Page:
A mysterious new coronavirus-related illness has hit the headlines in recent weeks, after several cases were seen in children across the globe.
The illness is being described as an ‘inflammatory syndrome’, similar to Kawasaki disease and toxic shock syndrome.
Now, doctors have warned that the illness is now showing up in adults in their early 20s.
Several patients in their early 20s have been hospitalised with the illness, including a 20-year-old in San Diego and a 25-year-old in New York, according to The Washington Post.
Worryingly, the illness appears to be more even more severe in adults than children.
Speaking to the Washington Post, Jennifer Lighter, a pediatric infectious diseases doctor at NYU Langone, said: “The older ones have had a more severe course.”
Doctors have now reported cases of the mysterious illness in the UK, the US, France, Italy, Spain and Switzerland.
The first reports were in the UK, where there are believed to be at least 100 cases.
Meanwhile, France’s health minister, Olivier Veran, revealed earlier this month that the illness has been seen in ‘about 15 children of all ages.’
Speaking to Franceinfo, Mr Veran also confirmed that cases have been reported in Spain, Italy and Switzerland, listing fever, digestive issues and vascular inflammation as key symptoms.
The link between the illness and coronavirus remains unclear, with some children testing positive for COVID-19, and others negative.
A report by doctors in Birmingham last week indicated that there was a link between the two illnesses, but now the chief scientist of the World Health Organisation (WHO) has revealed that this may not be the case.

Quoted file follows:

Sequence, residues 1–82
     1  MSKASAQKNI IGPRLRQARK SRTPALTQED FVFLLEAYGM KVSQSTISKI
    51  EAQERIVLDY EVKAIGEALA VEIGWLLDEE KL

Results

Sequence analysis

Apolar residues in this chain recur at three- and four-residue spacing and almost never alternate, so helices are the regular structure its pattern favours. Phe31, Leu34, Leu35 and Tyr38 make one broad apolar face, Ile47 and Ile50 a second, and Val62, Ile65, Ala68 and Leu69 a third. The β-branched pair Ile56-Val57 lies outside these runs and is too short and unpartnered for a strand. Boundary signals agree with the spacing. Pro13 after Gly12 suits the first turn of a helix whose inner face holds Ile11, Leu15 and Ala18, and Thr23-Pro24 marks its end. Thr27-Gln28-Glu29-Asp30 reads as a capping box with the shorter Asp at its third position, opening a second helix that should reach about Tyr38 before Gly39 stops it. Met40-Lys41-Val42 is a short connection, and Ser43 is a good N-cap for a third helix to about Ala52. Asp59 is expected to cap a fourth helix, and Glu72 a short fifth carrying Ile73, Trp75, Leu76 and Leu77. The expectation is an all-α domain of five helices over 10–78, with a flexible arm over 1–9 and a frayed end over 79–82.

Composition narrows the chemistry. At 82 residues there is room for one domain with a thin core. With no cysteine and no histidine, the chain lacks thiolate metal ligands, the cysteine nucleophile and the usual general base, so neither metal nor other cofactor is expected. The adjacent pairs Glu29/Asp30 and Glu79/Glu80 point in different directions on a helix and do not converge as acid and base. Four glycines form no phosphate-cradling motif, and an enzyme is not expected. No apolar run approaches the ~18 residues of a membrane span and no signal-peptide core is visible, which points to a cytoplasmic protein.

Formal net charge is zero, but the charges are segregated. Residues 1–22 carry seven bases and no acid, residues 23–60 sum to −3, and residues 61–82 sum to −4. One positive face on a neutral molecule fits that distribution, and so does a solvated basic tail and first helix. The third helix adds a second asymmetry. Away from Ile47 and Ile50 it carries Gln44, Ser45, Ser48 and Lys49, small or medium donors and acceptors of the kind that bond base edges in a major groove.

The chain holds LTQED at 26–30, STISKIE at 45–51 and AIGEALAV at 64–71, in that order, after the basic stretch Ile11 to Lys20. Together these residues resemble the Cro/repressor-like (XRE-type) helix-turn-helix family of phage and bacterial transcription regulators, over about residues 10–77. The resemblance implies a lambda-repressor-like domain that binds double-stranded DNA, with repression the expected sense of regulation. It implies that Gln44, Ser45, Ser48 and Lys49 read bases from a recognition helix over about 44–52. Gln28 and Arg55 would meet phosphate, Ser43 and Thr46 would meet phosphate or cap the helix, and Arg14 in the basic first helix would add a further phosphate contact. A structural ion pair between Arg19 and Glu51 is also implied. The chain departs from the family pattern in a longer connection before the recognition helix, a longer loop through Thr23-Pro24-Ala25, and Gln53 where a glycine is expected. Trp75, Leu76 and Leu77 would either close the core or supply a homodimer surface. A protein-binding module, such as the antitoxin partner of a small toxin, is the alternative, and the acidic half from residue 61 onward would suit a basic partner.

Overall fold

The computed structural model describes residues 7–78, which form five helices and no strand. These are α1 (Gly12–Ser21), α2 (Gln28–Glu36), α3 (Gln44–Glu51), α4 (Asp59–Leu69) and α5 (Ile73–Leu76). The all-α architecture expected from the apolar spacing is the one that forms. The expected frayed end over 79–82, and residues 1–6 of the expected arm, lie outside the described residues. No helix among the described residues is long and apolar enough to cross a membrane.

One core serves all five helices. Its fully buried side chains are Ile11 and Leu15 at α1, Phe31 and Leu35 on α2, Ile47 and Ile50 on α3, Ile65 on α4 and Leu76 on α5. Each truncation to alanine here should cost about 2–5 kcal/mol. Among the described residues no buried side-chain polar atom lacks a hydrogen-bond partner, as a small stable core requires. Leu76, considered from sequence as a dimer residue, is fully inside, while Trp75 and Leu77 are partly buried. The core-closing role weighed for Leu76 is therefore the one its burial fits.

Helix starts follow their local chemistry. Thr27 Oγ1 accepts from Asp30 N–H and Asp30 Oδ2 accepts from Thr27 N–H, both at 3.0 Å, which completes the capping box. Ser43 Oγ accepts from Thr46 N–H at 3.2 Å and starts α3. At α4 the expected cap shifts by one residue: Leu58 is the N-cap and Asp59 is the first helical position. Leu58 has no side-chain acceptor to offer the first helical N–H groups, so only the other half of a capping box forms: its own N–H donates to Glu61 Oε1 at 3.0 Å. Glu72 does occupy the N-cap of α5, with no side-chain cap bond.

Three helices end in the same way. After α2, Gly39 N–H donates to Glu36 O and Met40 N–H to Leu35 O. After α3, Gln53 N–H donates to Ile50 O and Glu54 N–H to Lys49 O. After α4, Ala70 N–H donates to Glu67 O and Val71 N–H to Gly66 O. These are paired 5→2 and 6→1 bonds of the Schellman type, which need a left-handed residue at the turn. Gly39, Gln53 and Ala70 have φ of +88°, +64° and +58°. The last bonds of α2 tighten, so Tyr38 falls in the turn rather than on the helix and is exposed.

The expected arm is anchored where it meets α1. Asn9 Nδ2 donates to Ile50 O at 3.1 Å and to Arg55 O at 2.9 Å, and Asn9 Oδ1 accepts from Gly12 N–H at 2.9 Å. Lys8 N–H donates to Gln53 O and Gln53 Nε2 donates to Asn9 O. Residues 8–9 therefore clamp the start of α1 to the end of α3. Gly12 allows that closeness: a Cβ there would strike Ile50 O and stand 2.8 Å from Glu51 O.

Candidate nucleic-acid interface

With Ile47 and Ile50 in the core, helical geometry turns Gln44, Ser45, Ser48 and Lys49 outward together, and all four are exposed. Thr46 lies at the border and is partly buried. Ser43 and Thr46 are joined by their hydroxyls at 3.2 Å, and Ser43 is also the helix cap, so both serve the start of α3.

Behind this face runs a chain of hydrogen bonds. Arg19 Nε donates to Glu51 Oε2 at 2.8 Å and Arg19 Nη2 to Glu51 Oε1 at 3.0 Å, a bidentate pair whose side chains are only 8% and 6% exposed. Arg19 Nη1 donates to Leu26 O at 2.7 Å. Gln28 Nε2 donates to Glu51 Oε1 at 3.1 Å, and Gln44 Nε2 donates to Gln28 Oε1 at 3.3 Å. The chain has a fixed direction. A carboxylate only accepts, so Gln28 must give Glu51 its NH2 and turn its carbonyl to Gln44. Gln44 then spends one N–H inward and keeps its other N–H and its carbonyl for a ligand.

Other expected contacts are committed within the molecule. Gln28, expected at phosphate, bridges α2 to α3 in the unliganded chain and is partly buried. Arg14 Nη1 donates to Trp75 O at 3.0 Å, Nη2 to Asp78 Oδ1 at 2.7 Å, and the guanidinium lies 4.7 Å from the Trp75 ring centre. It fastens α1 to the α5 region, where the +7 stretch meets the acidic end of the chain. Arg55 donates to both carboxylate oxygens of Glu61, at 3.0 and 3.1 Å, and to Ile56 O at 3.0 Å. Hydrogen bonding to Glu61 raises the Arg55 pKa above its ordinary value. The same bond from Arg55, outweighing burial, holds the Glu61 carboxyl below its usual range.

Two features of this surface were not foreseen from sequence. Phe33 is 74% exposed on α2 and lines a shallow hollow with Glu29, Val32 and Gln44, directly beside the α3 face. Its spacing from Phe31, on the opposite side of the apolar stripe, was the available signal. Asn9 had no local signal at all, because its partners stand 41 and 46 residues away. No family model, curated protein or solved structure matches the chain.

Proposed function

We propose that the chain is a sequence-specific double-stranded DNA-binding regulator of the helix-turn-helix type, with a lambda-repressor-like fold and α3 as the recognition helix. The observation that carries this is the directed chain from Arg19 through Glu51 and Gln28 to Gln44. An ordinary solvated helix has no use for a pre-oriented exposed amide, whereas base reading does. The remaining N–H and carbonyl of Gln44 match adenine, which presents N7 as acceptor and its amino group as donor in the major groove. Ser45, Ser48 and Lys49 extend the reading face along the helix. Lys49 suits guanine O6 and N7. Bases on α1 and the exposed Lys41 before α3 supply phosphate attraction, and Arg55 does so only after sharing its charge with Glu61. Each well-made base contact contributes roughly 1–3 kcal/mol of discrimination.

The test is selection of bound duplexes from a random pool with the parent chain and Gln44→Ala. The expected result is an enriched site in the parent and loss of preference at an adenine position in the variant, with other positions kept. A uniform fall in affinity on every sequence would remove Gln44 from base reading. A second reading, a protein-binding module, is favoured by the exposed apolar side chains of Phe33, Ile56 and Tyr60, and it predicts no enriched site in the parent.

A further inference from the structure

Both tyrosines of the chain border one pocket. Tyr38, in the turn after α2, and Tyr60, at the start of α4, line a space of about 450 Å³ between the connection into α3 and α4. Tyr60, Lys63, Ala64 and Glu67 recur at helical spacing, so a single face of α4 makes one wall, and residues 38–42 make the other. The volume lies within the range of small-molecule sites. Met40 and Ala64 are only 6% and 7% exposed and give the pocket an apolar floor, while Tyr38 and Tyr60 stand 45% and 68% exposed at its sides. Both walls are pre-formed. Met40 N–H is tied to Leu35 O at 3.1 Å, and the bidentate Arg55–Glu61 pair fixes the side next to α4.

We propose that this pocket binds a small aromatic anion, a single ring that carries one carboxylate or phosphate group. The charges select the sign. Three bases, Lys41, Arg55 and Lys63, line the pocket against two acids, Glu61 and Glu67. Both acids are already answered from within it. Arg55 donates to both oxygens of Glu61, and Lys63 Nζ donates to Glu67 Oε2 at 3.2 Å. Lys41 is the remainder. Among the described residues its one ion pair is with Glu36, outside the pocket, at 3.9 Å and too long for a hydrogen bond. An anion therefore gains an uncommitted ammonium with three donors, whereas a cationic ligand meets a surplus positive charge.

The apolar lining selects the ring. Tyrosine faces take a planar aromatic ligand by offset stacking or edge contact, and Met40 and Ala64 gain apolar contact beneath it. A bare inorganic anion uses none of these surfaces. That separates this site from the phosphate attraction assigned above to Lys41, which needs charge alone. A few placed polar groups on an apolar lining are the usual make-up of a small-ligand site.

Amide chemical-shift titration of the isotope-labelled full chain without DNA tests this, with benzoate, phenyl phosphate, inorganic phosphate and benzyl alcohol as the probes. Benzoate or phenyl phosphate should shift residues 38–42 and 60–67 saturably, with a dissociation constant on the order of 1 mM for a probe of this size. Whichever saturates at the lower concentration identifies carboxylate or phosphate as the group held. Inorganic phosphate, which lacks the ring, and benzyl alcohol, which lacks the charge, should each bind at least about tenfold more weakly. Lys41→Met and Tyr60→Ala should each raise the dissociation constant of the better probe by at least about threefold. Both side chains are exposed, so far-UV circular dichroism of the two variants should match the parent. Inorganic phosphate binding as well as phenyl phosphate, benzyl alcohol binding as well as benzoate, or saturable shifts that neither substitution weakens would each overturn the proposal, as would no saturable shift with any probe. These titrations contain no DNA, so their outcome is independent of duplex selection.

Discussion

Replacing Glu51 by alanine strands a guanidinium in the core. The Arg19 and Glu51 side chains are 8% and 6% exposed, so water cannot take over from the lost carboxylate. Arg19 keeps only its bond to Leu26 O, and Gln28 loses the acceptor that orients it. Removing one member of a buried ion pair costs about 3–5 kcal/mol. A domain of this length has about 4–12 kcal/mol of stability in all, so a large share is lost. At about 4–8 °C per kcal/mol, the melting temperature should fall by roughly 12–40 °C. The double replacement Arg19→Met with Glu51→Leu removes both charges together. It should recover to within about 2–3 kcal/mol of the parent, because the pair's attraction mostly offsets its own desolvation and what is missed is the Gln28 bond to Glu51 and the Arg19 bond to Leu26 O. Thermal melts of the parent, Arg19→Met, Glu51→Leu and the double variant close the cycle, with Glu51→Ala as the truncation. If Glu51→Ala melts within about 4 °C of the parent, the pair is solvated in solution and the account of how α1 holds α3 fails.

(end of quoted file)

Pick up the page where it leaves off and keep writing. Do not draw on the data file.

Speaking on the BBC’s Andrew Marr Show, Dr Soumya Swaminathan said: “Very recently there have been some reports of children getting admitted with a strange syndrome, something that looks like sepsis, something that looks like a disease called Kawasaki disease, which causes inflammation in the blood vessels.
“Now, it’s not very clear what the links are between Covid-19 and this syndrome. There are some children who tested positive for the virus and some who haven’t.
“The WHO has discussed this with a group of international paediatricians about how to approach this, and the need to collect more data. We put out a note two days ago, which requests doctors to provide information in a standardised format so that we can quickly learn as much as possible about the syndrome.
“But again to re-emphasise the risks to children are extremely low with this infection, and there have not been many cases.”